While cannabis has been hailed for its potential health benefits, there is still a question mark over its efficacy and safety, particularly in certain demographics. For instance, a study from The University of New Mexico showed immediate relief from nausea post-cannabis consumption, suggesting benefits in this area. However, the relief varied depending on the product used.
Further, Johnson & Wales University listed potential health benefits such as lowered blood pressure and reduced inflammation, referencing a 2017 study by JCI Insight. Pain management is another commonly cited benefit, with many Americans turning to cannabinoids for relief. Yet, Harvard Health raises the possibility of a placebo effect, where the belief in cannabis’s efficacy may influence pain perception, rather than an actual pharmacological action.
Medical cannabis has found its way into various delivery methods, including edibles and topicals. But, despite the widespread usage and anecdotal evidence, the scientific community points to a need for rigorous testing to confirm safety and effectiveness due to historical production and governmental restrictions.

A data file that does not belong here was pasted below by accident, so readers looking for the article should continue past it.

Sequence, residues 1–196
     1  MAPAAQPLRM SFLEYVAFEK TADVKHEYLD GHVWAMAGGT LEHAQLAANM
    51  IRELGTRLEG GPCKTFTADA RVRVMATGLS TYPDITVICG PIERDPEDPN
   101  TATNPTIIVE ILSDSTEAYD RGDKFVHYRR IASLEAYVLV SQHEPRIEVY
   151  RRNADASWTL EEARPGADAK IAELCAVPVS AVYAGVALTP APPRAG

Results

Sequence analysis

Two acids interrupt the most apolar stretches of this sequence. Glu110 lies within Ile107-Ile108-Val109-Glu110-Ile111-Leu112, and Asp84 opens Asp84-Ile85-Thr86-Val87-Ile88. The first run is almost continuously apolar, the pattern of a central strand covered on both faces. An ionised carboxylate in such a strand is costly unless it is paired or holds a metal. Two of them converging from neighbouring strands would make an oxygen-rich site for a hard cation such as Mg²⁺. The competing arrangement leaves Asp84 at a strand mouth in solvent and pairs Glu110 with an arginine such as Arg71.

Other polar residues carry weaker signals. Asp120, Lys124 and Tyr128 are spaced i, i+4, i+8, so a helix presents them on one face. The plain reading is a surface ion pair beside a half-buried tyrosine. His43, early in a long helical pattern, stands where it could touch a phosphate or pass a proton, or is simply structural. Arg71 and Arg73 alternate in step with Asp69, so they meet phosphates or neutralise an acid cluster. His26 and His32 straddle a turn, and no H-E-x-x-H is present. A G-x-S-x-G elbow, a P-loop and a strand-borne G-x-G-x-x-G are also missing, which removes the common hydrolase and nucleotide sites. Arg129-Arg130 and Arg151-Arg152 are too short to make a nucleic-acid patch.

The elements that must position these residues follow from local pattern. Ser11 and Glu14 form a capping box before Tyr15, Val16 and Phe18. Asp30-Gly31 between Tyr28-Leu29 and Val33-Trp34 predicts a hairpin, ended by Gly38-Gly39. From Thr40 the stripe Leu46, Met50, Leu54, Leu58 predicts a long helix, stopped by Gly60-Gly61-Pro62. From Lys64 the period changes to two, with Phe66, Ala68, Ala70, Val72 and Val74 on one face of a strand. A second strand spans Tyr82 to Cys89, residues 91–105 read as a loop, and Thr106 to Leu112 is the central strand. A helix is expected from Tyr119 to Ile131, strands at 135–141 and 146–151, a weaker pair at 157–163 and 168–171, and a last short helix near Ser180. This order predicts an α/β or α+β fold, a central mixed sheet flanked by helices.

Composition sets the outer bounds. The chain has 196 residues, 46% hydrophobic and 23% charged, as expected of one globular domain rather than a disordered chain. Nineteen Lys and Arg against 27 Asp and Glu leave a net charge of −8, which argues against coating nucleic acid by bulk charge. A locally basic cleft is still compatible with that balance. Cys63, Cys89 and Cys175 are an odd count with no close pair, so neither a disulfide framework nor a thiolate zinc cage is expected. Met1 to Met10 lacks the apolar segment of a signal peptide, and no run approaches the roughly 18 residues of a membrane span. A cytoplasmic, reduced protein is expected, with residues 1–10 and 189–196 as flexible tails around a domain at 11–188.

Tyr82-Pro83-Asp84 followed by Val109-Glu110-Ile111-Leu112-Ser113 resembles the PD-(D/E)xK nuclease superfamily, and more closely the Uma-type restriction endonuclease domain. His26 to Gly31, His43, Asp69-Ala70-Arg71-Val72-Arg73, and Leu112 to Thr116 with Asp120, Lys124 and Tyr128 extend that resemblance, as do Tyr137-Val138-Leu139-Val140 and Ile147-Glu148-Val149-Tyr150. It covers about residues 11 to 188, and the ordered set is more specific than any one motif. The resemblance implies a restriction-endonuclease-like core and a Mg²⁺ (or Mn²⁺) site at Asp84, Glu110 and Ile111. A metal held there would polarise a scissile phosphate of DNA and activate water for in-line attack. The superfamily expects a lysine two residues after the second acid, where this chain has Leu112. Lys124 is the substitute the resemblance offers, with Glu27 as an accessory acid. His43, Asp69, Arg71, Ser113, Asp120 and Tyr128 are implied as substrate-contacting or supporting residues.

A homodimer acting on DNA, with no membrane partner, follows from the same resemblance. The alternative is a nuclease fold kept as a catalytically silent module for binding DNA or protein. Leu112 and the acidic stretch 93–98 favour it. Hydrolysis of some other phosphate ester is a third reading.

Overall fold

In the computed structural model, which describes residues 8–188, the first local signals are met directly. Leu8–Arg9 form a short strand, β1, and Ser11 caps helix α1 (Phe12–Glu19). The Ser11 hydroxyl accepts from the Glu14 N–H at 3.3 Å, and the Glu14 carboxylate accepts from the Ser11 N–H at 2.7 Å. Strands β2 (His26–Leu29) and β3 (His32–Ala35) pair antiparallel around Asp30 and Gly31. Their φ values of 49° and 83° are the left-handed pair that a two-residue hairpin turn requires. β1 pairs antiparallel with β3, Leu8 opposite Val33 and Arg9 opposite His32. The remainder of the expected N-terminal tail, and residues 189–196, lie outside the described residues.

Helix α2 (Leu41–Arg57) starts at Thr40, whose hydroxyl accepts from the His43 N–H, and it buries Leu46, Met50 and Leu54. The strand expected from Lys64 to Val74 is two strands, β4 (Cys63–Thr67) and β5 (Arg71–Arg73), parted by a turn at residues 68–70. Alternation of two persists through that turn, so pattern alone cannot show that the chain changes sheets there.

Harvard experts have indicated that while there are benefits for some conditions, others may not see the same results, and there are risks, particularly for those over 55. Concerns include potential drug interactions with CBD, as noted by Harvard Health, and the inhalation of toxins similar to those found in cigarette smoke, which may impact heart health.
The stigma around cannabis use is diminishing, especially among older adults, as reported by Harvard Health. Nevertheless, the medical community remains cautious. Harvard’s Alvin Powell emphasizes the paradox of widespread public use versus limited scientific evidence on marijuana’s safe use and addiction potential.
Thus, while the therapeutic potential of cannabis is intriguing, its application as a medical solution carries with it an element of uncertainty that warrants further investigation.